Changes in medical education and training are suggested to help new physicians address the needs of patients and their families, according to an ideas and opinions piece published in the April 22 issue of the Annals of Internal Medicine.
Individuals over the age of 70 years with mild cognitive impairment (MCI) may be at higher risk for early death, compared to similarly-aged, cognitively-normal people.
The US Food and Drug Administration has proposed a new program to provide earlier access to high-risk medical devices intended to treat or diagnose patients with serious conditions whose medical needs are not met by current technology.
People with more advanced education may be significantly more likely to recover from moderate to severe traumatic brain injury, suggesting that the brain’s “cognitive reserve” may have a part in recovery.
For patients with brain arteriovenous malformations, use of conservative management is associated with better clinical outcomes for up to 12 years, compared to interventional treatment, according to a study published in the April 23/30 issue of the Journal of the American Medical Association.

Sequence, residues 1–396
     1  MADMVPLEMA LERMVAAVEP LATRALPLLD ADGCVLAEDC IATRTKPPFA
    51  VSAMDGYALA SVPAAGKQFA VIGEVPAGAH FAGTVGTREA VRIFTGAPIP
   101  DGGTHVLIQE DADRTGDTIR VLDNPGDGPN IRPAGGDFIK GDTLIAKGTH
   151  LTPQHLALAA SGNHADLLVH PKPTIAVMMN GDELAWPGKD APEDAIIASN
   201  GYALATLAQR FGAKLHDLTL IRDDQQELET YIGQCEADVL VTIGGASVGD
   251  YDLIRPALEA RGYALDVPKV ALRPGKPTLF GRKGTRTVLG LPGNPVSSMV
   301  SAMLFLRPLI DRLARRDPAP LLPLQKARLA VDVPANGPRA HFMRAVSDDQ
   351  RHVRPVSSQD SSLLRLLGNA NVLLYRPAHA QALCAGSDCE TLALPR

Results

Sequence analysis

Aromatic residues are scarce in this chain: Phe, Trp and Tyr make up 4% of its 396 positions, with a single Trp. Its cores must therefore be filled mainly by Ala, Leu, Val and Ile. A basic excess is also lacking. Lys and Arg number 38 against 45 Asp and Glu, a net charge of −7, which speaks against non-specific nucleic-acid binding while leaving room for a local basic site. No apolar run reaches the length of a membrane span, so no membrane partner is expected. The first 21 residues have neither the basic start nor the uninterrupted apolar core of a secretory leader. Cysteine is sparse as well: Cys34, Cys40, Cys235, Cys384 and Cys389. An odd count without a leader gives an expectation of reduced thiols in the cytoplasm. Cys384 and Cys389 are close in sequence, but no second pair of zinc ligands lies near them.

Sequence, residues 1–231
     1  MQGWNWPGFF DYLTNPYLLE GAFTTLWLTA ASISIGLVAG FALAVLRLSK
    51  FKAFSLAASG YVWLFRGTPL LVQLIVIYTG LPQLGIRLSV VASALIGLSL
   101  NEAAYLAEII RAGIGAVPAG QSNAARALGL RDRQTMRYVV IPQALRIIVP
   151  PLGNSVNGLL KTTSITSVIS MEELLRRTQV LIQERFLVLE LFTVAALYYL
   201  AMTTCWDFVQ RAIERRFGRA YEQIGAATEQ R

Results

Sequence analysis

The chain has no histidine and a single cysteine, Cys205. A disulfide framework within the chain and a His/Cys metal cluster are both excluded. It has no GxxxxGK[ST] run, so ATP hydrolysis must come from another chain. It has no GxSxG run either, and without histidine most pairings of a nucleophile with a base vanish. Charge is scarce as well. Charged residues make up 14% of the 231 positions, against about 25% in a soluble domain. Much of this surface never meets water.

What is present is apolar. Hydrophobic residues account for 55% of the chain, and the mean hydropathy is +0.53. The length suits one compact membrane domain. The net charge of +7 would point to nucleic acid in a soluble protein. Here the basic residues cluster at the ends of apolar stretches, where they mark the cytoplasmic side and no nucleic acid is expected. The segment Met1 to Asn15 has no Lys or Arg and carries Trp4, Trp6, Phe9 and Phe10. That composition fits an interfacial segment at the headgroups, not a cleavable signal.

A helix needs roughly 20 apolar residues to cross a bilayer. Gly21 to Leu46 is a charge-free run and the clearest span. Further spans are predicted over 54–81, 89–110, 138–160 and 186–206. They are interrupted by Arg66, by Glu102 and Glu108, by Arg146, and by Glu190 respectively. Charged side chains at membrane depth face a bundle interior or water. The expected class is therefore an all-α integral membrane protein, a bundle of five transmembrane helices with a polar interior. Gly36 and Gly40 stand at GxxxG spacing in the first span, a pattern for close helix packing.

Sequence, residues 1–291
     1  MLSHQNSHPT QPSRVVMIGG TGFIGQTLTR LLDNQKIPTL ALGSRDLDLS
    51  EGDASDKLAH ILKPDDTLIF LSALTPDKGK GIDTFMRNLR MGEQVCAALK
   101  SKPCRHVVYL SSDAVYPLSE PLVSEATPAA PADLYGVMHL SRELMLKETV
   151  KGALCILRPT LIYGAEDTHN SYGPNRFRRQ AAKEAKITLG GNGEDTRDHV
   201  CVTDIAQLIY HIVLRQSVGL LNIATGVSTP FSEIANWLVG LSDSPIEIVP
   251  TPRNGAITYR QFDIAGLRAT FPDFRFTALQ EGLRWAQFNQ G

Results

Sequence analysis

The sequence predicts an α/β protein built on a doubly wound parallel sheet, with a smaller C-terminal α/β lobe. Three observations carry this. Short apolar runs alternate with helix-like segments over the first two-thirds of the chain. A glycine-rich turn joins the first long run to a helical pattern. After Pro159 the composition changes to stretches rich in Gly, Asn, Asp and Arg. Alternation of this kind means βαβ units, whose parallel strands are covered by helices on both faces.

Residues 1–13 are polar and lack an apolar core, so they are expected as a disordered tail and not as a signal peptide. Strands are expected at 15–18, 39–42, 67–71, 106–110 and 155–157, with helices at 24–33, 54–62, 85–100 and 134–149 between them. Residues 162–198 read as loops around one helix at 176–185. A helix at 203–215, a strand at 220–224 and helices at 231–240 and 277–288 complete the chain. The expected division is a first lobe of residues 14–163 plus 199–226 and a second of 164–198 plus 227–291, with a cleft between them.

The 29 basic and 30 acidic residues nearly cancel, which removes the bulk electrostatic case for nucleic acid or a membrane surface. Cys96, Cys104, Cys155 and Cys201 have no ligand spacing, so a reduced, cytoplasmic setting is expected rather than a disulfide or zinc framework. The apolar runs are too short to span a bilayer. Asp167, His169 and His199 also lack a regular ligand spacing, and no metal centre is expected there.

The combination of acetazolamide and a low-sodium weight-reduction diet modestly improves visual field function in patients with idiopathic intracranial hypertension and mild visual loss, compared to diet alone, according to a study published in the April 23/30 issue of the Journal of the American Medical Association.
Lorazepam should not be preferentially used over diazepam in pediatric patients with convulsive status epilepticus, according to a study published in the April 23/30 issue of the Journal of the American Medical Association.
Scientists studying patients with chronic pain have uncovered four specific genes that are associated with pain perception.
Study results to be presented at the 2014 AAN annual meeting show asymptomatic carotid stenosis may also contribute to impaired memory, cognitive function, and decision making.
Patients with hypertrophic cardiomyopathy without traditional risk factors and with no or mild symptoms have a considerable rate of sudden cardiac death, according to a study published in the May 1 issue of The American Journal of Cardiology.